anthro in the news 11/23/2015


As of November 21, Brussels was on high alert for a possible terrorist attack. source: Smirnoff, Creative Commons

What does ISIS want?

CBS (Minnesota) carried a brief interview with cultural anthropologist William Beeman of the University of Minnesota. He addresses the question: What does ISIS want? He says ISIS is seeking to recreate the Islamic caliphate that was active in the Islamic world from the time of the Prophet to 1926 when the caliph was abandoned: “They would like the entire world to be Muslim, but they want the world to be Muslim in a very, very narrowly defined manner…They are fundamentalist Muslims and their idea of Islam is quite different from the rest of the Islamic world…They want the U.S. to declare war in the worst way…by doing battle, they think they will eventually succeed, they eventually will conquer and establish their domination over the world…it’s a bit of megalomania.”


source: Creative Commons

Combating “homegrown” terrorism in France

John Bowen, Dunbar-Cleve Professor of Anthropology at Washington University in St. Louis, published an op-ed in the Los Angeles Times about how France can combat “homegrown terrorism”

What can France do? I leave aside the questions of border security, surveillance and military strategy in Syria: Those are above my pay grade. But I have two recommendations for how President Francois Hollande can improve matters at home. One, break the isolation. Continue efforts already begun to redesign the urban landscape so that it encourages a sense of national belonging rather than a sense of exclusion. Cease the repeated efforts to stigmatize practicing Muslims with silly rules banning face coverings in public or preventing school officials from offering non-pork meal options to children. The French prize their laïcité — their strict separation of church and state — but there should be room for religious observance in a free, open society. Second, recognize that mainstream Islamic teachers are part of the solution. Many have worked hard to build cultural associations and religious schools, where young people can learn a more complex and responsible idea of Islam. Understand that they base their teachings in a centuries-old body of work, as do Catholic, Jewish and other religious scholars, and stop telling them to devise a brand new “French Islam.” They are citizens or long-term residents of France and participants in global networks of religious scholarship. Whether they help in religious schools or as chaplains in the prisons, they need much more recognition and support from the French state.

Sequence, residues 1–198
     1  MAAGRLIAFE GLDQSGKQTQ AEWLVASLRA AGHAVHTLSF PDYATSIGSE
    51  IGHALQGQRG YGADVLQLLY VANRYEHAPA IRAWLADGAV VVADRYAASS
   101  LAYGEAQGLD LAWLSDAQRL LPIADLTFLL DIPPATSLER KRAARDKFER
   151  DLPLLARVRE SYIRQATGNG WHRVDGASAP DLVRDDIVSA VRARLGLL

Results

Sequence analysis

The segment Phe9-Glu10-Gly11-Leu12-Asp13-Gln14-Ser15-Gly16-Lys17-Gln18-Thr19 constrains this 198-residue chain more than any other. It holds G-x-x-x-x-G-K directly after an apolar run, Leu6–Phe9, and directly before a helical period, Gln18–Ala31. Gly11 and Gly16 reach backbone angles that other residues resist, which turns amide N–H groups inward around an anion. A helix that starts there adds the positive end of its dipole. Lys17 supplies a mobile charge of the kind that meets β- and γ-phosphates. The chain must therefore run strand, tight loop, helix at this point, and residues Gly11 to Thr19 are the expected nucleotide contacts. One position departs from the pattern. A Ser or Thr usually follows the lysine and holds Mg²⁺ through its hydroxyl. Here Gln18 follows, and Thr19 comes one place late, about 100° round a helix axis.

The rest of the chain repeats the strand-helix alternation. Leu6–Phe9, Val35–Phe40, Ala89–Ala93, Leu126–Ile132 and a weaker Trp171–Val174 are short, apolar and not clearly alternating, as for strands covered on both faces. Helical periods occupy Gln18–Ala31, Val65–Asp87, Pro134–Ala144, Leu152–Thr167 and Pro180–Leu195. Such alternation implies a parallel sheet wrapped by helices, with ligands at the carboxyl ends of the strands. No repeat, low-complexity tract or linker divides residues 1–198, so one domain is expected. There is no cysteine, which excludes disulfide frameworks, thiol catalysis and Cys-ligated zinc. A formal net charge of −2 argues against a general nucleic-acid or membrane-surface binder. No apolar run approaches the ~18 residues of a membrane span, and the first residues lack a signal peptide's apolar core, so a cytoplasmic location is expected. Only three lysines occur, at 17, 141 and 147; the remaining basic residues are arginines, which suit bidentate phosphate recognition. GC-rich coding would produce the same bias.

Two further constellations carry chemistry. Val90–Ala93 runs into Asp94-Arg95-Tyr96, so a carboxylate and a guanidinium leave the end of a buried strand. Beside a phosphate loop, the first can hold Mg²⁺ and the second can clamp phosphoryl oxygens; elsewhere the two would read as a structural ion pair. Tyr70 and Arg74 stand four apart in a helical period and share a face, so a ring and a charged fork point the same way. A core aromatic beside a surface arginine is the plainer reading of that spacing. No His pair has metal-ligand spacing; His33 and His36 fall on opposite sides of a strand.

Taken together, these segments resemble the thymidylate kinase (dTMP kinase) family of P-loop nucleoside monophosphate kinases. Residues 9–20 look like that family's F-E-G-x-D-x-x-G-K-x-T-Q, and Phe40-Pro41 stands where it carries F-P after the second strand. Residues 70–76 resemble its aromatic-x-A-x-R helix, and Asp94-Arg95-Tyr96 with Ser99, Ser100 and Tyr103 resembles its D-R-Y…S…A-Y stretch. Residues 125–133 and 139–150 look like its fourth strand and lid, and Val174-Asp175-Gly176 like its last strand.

On the hotel attack in Mali

An article in VICE News on the attack in Mali on an international hotel included commentary from Bruce Whitehouse, an expert in Africa’s Sahel region and an anthropology professor at Lehigh University in Pennsylvania: “There’s no shortage of groups that could have carried this out…This is not exactly unprecedented.”